Iqbal Sacranie, secretary general of the Muslim Council of Britain, urged
the prime minister to use his influence to "avert the destruction of an
important Muslim country" and warned of deep cynicism among British Muslims
about the motives for the war on terror.

In a letter to No 10, Mr Sacranie described the plans for war as a "colonial

"It is generally believed the real American objective behind such an
invasion is to change the political map of the Middle East, appropriate its
oil wealth and appoint Israel as a regional superpower exercising total
hegemony over the entire Middle East and beyond," he wrote.

A war would worsen relations between communities and faiths in Britain as
well as causing "lasting damage" to relations between the Muslim world and
the west, Mr Sacranie added.

The opposition of the MCB, a moderate organisation linked to dozens of
community groups, highlights the failure of the US and Britain to convince
Muslims in the west of the validity of the war on terrorism.

Seven out of 10 British Muslims believe the war on terror is a war on Islam,
according to an ICM poll published last month.

In the letter, Mr Sacranie expressed support for the anti-terrorist
campaign, but wrote: "The war on terror should and can be won, but it has to
be fought collectively not selectively, openly not secretively."

He told the Guardian that when he referred to fighting terrorism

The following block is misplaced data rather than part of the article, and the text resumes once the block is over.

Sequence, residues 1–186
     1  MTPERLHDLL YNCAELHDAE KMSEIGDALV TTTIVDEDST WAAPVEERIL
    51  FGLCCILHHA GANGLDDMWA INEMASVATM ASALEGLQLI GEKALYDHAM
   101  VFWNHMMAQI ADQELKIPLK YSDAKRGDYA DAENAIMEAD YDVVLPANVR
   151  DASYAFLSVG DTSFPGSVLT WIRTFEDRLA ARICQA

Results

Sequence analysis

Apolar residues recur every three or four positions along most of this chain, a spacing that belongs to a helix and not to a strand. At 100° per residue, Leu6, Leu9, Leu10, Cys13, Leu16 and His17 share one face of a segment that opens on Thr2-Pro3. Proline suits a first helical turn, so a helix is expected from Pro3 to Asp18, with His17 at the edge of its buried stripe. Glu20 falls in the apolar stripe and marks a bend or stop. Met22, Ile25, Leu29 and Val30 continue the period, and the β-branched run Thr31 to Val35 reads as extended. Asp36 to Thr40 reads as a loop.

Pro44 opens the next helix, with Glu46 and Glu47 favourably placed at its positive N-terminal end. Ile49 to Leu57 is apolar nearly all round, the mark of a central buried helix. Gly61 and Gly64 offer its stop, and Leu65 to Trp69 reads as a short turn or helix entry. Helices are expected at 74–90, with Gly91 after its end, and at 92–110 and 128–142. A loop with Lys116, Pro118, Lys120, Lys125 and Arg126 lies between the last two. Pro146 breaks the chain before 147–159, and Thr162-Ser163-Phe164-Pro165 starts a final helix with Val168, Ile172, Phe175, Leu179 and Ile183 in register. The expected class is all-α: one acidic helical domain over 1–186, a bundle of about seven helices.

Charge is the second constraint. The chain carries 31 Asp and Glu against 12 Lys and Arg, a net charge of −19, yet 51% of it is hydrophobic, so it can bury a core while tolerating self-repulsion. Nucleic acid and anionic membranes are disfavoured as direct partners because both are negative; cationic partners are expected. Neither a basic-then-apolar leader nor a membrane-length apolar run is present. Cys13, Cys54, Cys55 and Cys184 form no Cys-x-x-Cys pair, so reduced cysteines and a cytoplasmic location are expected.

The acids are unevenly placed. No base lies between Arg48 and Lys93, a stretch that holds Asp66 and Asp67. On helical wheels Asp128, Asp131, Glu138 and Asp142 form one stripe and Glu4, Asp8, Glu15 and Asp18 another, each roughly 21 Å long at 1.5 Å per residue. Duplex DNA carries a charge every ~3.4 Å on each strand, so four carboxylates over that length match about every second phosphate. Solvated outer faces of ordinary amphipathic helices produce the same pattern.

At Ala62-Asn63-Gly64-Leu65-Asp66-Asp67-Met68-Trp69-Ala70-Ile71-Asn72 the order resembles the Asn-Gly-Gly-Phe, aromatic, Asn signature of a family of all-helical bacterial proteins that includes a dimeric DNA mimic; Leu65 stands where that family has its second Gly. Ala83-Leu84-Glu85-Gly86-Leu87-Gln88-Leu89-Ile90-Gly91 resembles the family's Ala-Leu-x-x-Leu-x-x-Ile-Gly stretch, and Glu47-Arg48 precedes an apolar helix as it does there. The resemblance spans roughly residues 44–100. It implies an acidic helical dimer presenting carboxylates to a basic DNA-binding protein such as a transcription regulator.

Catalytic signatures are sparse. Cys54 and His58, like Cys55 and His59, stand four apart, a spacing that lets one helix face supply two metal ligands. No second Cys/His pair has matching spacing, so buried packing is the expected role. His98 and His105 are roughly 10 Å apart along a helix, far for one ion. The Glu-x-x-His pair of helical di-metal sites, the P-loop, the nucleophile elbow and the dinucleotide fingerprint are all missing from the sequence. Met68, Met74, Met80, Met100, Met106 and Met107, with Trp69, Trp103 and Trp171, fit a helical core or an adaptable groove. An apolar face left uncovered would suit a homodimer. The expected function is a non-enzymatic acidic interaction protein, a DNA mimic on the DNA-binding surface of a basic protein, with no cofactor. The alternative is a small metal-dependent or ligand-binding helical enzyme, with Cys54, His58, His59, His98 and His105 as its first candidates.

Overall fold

"collectively" he meant "in all areas, whether it is states - like Israel -
or organisations."

Mr Sacranie said he did not believe there should be war even if Iraq was
found to possess weapons of mass destruction.

"If WMD are being got rid of, all countries have to get rid of them, and war
is not the way to go about this.

"If we are talking about the region, Israel has chemical, biological and
nuclear weapons."

He also criticised the chief rabbi, Dr Jonathan Sacks, who has expressed
conditional support for military action against Saddam Hussein.

"We are very saddened by the remarks made by the chief rabbi," Mr Sacranie

The MCB's letter praised Mr Blair's attempt to revive the Middle East peace
process, but added: "A war on Iraq would certainly unravel whatever little
has been achieved so far.

"The humiliation ... that would attend a military conquest is likely to
provide a natural ground for the growth of bitterness and conflict for
generations to come."

Both President George Bush and Mr Blair have stated that the prospective
campaign against Iraq is directed at Saddam Hussein's regime and is not a
conflict with the wider Muslim world.